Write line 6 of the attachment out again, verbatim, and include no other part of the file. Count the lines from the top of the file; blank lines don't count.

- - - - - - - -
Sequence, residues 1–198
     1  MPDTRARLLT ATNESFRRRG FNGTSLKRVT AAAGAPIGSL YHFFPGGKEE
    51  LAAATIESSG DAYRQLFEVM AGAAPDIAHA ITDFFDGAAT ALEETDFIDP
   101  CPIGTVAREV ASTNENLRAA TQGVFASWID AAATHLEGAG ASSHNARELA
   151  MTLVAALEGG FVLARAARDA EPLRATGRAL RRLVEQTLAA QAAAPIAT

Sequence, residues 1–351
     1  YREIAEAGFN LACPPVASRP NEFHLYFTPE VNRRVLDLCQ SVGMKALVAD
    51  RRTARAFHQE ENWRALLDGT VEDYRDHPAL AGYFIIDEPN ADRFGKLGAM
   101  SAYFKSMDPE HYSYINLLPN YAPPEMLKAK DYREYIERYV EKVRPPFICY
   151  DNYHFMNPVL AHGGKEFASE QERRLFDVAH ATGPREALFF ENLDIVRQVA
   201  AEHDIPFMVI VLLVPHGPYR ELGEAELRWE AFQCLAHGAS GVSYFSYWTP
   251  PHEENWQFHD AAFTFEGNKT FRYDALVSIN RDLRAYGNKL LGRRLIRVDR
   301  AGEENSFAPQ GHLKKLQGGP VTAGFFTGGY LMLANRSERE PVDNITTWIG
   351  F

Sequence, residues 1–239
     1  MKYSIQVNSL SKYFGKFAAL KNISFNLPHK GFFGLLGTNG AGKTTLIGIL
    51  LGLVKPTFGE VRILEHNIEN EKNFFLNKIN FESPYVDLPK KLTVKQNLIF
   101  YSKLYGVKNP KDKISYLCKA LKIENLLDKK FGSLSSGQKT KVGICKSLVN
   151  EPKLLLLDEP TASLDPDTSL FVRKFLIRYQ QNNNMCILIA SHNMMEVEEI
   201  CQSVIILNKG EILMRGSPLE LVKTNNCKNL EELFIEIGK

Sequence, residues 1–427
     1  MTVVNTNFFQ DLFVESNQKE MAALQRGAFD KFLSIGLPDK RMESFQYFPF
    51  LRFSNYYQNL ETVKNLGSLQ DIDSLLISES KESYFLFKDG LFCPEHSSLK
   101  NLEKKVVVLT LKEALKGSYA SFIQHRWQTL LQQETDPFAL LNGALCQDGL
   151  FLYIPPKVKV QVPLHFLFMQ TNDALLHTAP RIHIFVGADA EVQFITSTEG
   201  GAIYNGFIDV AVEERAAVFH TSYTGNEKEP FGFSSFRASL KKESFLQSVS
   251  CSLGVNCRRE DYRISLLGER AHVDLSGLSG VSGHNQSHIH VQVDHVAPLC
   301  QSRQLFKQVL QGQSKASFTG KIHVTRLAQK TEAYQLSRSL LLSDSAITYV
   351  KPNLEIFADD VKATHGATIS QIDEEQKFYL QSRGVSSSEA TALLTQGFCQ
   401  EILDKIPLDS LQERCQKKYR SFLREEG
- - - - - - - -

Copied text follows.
Sequence, residues 1–351